Take the 2-minute tour ×
Stack Overflow is a question and answer site for professional and enthusiast programmers. It's 100% free, no registration required.

When using COM boolean values are to be passed as VARIANT_BOOL which is declared in wtypes.h as short. There are also predefined values for true and false:

#define VARIANT_TRUE ((VARIANT_BOOL)-1)
#define VARIANT_FALSE ((VARIANT_BOOL)0)

Which is the best way to convert from VARIANT_BOOL to C++ bool type? Obvious variants are:

  1. compare with VARIANT_FALSE

  2. simply cast to bool

Other ways can be easily invented.

Which is the best way to do this - most readable, most standart-compliant, least prone to accidential bugs planting and least prone to issues with porting to 64-bit platforms?

share|improve this question

6 Answers 6

up vote 22 down vote accepted

Compare to VARIANT_FALSE. There is a lot of buggy code out there that mistakenly passes in the C++ bool true value (cast to the integer value 1) to a function expecting VARIANT_BOOL. If you compare to VARIANT_FALSE, you will still get the correct expected value.

share|improve this answer
    
Yes, but I think it's better to either fix that code, or if you don't control it, to treat it as a special case. –  Matthew Flaschen May 20 '09 at 8:18
2  
I rarely have full control over client code. I'd be treating every call as a special case –  1800 INFORMATION May 20 '09 at 8:24

I don't like to have to worry about compatibility between different boolean values, so I will normally write:

VARIANT_BOOL vb_bool = VARIANT_FALSE;

// ... vb_bool set to something by some other code

bool myBool = (vb_bool == VARIANT_TRUE);

Are there tinier (as in "will compile to simpler x86 code"), valid ways to do it? Of course. Not worth it. This is guaranteed to work, so I can worry about my business logic.

share|improve this answer

Casting to bool is obviously wrong. Some people say (e.g. comments at BOOL vs. VARIANT_BOOL vs. BOOLEAN vs. bool) to compare to VARIANT_FALSE, but I would compare to both. That way you catch invalid values (anything but VARIANT_FALSE or VARIANT_TRUE) early.

e.g.

bool VariantBoolToBool(VARIANT_BOOL varFlag)
{
  bool boolFlag;

  switch( varFlag ) 
  {
    case VARIANT_TRUE:
        boolFlag = true;
        break;
    case VARIANT_FALSE:
        boolFlag = false;
        break;
    default:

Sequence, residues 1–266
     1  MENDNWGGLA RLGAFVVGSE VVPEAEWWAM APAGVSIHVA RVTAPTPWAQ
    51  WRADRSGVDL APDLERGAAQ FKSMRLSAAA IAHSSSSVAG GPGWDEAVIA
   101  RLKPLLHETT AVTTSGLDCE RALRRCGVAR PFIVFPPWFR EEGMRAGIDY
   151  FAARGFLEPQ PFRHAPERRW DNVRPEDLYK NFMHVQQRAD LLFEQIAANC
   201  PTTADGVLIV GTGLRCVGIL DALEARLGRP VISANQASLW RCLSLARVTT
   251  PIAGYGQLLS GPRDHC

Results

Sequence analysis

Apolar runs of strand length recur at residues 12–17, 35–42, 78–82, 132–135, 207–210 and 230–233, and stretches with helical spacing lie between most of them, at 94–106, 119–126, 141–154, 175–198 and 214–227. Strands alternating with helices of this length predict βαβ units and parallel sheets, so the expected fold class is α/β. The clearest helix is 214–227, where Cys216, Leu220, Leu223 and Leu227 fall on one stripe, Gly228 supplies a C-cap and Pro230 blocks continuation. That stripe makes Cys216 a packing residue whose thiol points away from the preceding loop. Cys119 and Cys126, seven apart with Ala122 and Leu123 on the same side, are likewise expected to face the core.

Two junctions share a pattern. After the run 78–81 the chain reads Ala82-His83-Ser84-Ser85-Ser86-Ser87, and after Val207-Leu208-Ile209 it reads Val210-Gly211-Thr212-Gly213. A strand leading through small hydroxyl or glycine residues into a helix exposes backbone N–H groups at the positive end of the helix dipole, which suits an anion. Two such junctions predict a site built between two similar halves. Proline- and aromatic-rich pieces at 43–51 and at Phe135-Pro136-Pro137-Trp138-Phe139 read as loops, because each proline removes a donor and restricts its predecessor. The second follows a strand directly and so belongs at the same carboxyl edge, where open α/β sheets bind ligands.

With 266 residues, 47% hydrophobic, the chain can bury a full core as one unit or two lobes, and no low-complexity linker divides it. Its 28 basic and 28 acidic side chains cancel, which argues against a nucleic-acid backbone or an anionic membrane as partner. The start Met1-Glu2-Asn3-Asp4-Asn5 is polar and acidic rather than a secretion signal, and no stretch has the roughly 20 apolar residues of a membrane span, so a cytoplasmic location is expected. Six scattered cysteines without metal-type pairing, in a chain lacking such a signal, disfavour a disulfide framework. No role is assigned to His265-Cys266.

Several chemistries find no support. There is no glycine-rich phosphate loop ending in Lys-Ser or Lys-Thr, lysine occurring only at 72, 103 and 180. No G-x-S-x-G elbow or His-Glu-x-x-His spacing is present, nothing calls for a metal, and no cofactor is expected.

throw Exception("Not a valid value");
  }

  return boolFlag;
}
share|improve this answer
    
Maybe assert(varFlag == VARIANT_FALSE || varFlag == VARIANT_TRUE)? –  Andreas Magnusson May 20 '09 at 10:50
    
This is worth considering, but I would prefer exceptions in a C++ app. One reason (besides the other benefits to exceptions) is that I think the check should be in the production code, and assertions tend to wind up disabled. –  Matthew Flaschen May 21 '09 at 8:52
1  
Some checks should be done in production code, some in development code. I typically draw the line at what is a programmer error (e.g. passing a null-ptr to a function not accepting it) and external error (e.g. not finding a certain file). In my book conversion functions such as this one are typically more related to programmer errors than to external errors. –  Andreas Magnusson Jun 21 '09 at 0:21

Declare this macro in one of your global headers.

#define b(X) ((X)!=VARIANT_FALSE)


EDIT: Much safer version:

inline bool b(VARIANT_BOOL v){return v!=VARIANT_FALSE;}
share|improve this answer
    
It'd be much safer to have a function for that - the compiler would inline it in release build and it could be stepped into in debug build. –  sharptooth May 20 '09 at 9:20
    
Hehehe, what about the answer now? :P –  Jesus Fernandez May 20 '09 at 9:35
    
This one is safer, but there's really no point in passing VARIANT_BOOL by reference. –  sharptooth May 20 '09 at 9:46
    
Yeah, was a mistake, I'm used to dealing with more complex data types and passing it by reference. –  Jesus Fernandez May 20 '09 at 9:54
    
Since you're still keeping the macro in the post you should at least brace it properly: #define b(X) ((X) != VARIANT_FALSE) –  Andreas Magnusson May 20 '09 at 21:34

Standard C++ conversion rules rely on zero meaning false [and as 1800 INFORMATION points out, the TRUE variant is where the most confusion happens] and nothing more. Hence a static_cast would be best.

But in many cases, the code would be more readable as a comparison. In that case, VARIANT_BOOL is the thing to compare with.

share|improve this answer

Why have an explicit cast?

if (my_bool)
{
    blargh();
}
else
{
   blarglerr();
}

This way, true is true and false is false, as per the C standard. If you need to SET a C++ style bool then do something like:

VARIANT_BOOL vb_bool = VARIANT_FALSE
bool cpp_bool = !!vb_bool
share|improve this answer
    
Meant to mention the !! - nice! –  Ruben Bartelink May 20 '09 at 8:51

Your Answer

 
discard

By posting your answer, you agree to the privacy policy and terms of service.

Not the answer you're looking for? Browse other questions tagged or ask your own question.